It's easy to see why Shutter Island got bumped from Oscar season. Not because its bad or anything, but its a film very much of its genre, very Hitchcockian in its fusion of thrills and psychosis. Nothing profoundly new or innovative is done, but its an accomplished, confidently told movie that always hold your attention. And if the last act feels a little too familiar, at least it was done in a way that didn't induce groaning, as the case can so often be with this kind of film But its nice to see a thriller so old-fashioned in design yet not dated by its sense of nostalgia.
The plot sees US Marshall Teddy Daniels (Leonardo DiCaprio) arrive on an offshore island used as a mental institution for the craziest of patients, and of course one of them has gone missing. So he and partner Mark Ruffalo set about into the investigation and of course shit goes off the hook. Its the kind of movie that both benefits and loses out on having the Scorsese name attached. On one hand without his prestige, a pot-boiling thriller like this wouldn't have drawn the recognition and exceptional cast that it did but on the other this is Scorcese, the man who made Taxi Driver and Raging Bull, making a thriller that serves no purpose other than skeeve you out, and even if it does that well, why is this dude making it. Its a little unfair, but you know everyone with more then a passing interesting film is going to be thinking the same thing. Its our problem, but enough of us have it, it becomes the film's problem.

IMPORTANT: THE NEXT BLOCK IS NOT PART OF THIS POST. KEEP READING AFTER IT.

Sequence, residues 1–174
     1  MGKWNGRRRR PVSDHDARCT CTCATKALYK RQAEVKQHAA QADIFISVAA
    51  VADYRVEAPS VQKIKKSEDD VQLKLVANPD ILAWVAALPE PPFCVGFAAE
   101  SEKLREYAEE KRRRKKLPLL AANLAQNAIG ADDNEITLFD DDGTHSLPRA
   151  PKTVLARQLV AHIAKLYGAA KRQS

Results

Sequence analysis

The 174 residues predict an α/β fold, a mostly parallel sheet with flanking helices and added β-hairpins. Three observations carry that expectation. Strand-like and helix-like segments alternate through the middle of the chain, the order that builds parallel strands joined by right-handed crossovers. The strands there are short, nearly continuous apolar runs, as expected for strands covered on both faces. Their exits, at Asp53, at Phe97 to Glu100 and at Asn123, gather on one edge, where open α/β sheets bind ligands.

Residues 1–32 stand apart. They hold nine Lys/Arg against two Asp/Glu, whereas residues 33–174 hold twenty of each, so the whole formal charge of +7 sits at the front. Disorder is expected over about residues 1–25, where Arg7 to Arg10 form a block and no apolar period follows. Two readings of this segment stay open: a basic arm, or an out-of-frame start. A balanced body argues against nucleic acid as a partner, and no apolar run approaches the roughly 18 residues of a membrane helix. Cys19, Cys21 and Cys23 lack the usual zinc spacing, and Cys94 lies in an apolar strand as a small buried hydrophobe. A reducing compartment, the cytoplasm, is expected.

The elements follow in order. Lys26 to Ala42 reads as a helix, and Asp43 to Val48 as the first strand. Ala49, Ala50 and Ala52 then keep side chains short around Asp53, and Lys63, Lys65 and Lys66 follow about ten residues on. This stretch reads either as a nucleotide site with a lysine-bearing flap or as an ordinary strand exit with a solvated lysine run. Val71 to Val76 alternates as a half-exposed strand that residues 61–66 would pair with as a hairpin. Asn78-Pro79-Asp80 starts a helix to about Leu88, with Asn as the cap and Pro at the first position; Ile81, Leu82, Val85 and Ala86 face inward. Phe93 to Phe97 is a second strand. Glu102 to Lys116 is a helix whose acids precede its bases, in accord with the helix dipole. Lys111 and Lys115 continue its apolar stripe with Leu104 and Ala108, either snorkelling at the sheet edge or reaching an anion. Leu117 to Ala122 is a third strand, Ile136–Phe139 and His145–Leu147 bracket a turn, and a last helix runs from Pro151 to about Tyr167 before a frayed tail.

That aside, I have no real complaints about Shutter Island, it does what it does like a pro, its thrilling, creepy and insightful al when it needs to be and its more entertaining and smarter then most of its genre kin and contains a strong performance by Leonardo DiCaprio at its center, who brings, as he always does, a forceful intelligence complimented by real humanity. The best actors are always the smartest ones because they understand the emotion rather then just recite it. And you can always tell that. The rest of the cast all gets its moment, and Ben Kingsley, Ruffalo, Emily Mortimer and in particular Michelle Williams lend great support, and that's to name but half of the A list talent this movie has at its disposable.
Shutter Island is like a Brian DePalma movie with a greater sense of subtelty and a strong as balls cast, but the problems of familiarity and imitation never quite go away. This is hired hand Scorcese, no doubt, but he's possibly the greatest film-maker of all time for a reason, and even when he makes a movie for the paycheck, we the audience can still get something out of it.